The series itself is expected to consist of three models, with the most affordable one reportedly marking Samsung's return to flat screens in the high-end segment of the market. The last premium Android smartphone from the company to feature a flat screen was the Galaxy S7 launched in early 2016. All three devices are believed to be planned for a global release, with variants intended for the United States, Canada, Mexico, and China likely being powered by the Snapdragon 8150, Qualcomm's successor to the Snapdragon 845. The Galaxy S10 models meant for Europe, Asia, and other markets around the world should utilize the Exynos 9820, Samsung's in-house silicon that's rumored to feature a dual-core neural processing unit dedicated to on-device AI computing. Both the Snapdragon- and Exynos-branded chip are expected to be built on the 7nm process node, though only Samsung's module is set to use extreme ultraviolet lithography, a new process of making printed circuits that can achieve ambitious transistor density targets more consistently. As a result, the Exynos Galaxy S10 variants may offer significantly better CPU performance, though Qualcomm's chips were traditionally ahead of them in graphics processing department.


Besides the three international models, Samsung is said to be preparing a fourth lineup member that's essentially a special edition of the Galaxy S10 Plus. That particular device is rumored to support 5G New Radio connectivity but may only end up being sold in the company's home country. The flat-screen model isn't expected to have more than two rear cameras, though all three should benefit from new imaging algorithms powered by artificial intelligence solutions, according to previous rumors.

Samsung's quarter-three financial report contained an admission that the Galaxy S9 and Galaxy S9 Plus experienced "soft" initial sales which were below expectations. Industry analysts remain divided on why the world's largest phone maker was unable to repeat some of its past successes with its main flagship lineup, though most agree that the lack of meaningful year-on-year innovations played a part in the lukewarm response the two handsets received. That's precisely why insiders now appear to be convinced Samsung will be going all out with the Galaxy S10 line, seeking to convince its existing customers it's time for an upgrade, in addition to attracting new consumers to its mobile ecosystem.


Upgrade fatigue is believed to be one of the main reason why global smartphone shipments have been stagnating over the course of the last year, according to numerous industry trackers. As Samsung has the largest share of the handset market on the planet, it's also prone to being the first company to be affected by any kind of negative trends in the industry. Besides being adamant to deliver more meaningful upgrades with the Galaxy S10 family, the company is also looking to pursue additional mobile innovations with its new foldable smartphone lineup scheduled to be released in early 2019.


Impact: Samsung appears to have found a way to continue reducing the bezels on its Android handsets without embracing a traditional display notch, an element that's been polarizing both critics and consumers for over a year now, ever since Essential first debuted it with the PH-1 in the late summer of 2017. A significant number of other smartphone manufacturers will likely be following suit and deliver their own handsets with selfie-camera holes, though it remains to be seen whether they manage to do that as early as 2019 given how Samsung Display likely won't be selling those panels immediately following their first-party commercialization, as was the case with the company's curved Super AMOLED panels.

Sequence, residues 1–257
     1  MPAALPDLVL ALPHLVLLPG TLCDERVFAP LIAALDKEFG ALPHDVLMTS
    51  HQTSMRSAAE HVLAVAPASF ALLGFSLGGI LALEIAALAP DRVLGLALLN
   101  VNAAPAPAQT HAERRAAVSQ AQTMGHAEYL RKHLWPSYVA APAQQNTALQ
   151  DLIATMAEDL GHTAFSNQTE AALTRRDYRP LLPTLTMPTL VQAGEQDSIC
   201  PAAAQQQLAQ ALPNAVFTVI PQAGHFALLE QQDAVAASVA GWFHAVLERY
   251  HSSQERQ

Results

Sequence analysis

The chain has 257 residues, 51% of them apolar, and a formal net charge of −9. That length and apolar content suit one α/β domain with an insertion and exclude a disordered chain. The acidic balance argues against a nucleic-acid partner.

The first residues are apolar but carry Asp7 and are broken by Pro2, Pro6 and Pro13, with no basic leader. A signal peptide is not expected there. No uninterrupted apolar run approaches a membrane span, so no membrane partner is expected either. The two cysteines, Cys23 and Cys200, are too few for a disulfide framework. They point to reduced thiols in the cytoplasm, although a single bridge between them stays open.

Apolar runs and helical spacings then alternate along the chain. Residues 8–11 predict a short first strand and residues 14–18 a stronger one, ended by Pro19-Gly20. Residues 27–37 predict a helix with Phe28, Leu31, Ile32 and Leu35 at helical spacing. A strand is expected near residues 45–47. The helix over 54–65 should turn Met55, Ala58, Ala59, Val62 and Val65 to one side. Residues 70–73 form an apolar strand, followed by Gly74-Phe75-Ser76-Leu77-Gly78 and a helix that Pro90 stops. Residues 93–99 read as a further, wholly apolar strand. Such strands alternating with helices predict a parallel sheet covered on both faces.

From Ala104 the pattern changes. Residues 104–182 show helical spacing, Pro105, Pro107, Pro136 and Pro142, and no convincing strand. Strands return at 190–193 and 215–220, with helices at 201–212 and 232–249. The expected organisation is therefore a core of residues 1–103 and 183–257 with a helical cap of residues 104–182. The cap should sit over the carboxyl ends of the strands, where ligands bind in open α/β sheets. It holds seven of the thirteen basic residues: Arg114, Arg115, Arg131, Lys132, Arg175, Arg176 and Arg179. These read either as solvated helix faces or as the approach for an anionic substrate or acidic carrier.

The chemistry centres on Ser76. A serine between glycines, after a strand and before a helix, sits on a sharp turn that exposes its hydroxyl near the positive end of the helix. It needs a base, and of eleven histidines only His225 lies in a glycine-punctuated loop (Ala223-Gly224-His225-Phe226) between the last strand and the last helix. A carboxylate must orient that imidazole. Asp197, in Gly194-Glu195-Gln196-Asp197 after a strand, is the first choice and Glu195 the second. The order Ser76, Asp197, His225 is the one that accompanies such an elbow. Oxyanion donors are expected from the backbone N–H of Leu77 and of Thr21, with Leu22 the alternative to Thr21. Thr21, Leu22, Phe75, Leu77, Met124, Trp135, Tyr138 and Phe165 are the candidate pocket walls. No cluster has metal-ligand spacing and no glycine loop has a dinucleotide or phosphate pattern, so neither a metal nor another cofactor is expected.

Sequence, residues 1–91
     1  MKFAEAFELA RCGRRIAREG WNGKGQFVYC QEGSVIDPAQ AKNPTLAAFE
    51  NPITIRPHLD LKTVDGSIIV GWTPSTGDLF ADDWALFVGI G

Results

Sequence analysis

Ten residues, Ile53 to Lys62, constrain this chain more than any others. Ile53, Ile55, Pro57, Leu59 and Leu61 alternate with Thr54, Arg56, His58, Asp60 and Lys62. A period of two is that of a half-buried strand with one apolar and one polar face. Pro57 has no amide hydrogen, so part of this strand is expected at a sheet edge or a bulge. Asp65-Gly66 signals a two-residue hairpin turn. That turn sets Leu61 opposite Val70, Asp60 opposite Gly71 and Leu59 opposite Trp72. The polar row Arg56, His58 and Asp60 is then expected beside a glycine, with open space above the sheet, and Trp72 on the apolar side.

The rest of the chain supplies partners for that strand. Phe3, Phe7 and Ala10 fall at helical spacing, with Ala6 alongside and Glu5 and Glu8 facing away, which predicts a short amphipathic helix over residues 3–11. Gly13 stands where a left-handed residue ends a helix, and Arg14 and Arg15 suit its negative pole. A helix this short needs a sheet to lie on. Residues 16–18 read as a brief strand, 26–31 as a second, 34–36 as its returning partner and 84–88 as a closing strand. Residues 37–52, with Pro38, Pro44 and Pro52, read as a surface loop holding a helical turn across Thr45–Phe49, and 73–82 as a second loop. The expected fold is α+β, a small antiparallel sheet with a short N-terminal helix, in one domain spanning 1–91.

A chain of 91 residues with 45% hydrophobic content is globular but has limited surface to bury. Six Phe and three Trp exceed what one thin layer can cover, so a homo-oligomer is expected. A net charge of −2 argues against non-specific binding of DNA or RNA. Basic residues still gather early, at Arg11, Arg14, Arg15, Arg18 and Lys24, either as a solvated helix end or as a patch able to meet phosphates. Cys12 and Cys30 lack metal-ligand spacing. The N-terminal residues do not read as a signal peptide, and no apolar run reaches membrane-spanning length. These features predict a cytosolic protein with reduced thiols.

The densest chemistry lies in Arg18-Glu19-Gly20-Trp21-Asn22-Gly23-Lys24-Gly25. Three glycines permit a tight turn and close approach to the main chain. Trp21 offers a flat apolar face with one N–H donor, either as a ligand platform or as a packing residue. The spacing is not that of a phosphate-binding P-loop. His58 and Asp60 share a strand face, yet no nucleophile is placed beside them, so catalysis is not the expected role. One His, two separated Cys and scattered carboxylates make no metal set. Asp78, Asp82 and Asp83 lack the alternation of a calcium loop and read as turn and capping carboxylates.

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These are the Google Store's Pixel 3 and 3 XL Black Friday and Cyber Monday deals



Couldn't afford a Pixel 3 when it first came out? Google's Black Friday and Cyber Monday deals significantly reduce the overall price of Google's latest smartphone in the US. Beginning with pre-Black Friday offers, Google has shared several new deals on its latest smartphone and other Made by Google products.
Pre-Black Friday and on the day itself, Google tells us it is offering the following (pretty impressive) Pixel 3 discounts:
  • Buy one Pixel 3 or 3 XL and get the second phone for up to 50 percent off (November 16th to 21st).
  • $150 discount on the Pixel 3, $200 discount on the Pixel 3 XL (November 22nd to 25th).
The above Black Friday deal brings the $799 64GB Pixel 3 to $649, and the $899 64GB Pixel 3 XL to $699.
On Cyber Monday (November 26th), a few more offers open up on the Google Store, just for the day. The deals include:
  • Buy a Pixel 3/3 XL and get a Home Hub ($149 regular price) for free, plus a $50 Google Store credit.
  • Save $60 on the Daydream View.
  • Save $20 on a My Case purchase.
  • Buy two Google Home Max speakers and save $150.
  • Save $129 on a bundle of the Google Home Hub, Google Home and Wifi 3-pack.
Additionally, Pixelbooks are discounted by $300 from November 18th to 28th, and Google Clips wireless smart cameras are 50 percent off from November 18th to 26th.
There are no links to the specific deals yet, but we will update this post when the promotions go live on the days mentioned above.
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Samsung may add adoptable storage in Android Pie



It's been three years since Android's adoptable storage officially launched with Android Marshmallow, after a few months of testing in the Developer Preview. Many Android manufacturers didn't offer the feature immediately on their own phones, and until now, Samsung has been one of the holdouts. That may change with the upcoming update to Pie though.

User spenceboy98 noticed that his Note9 Pie beta had an interesting new screen when inserting a MicroSD card: it asks if you want to use it for extra phone storage or simply as an external storage. If you choose the former, ie the adoptable storage option, it will be counted with your internal storage and can be used for apps, games, etc. However, it seems that the process doesn't complete successfully and an error stops it midway.






Although this isn't live yet, it's close enough to make us believe that Samsung is working on rolling out adoptable storage on its devices with the Pie update. You may not need it, but for those who have a lot of stuff saved on their phones, this will be a welcomed improvement.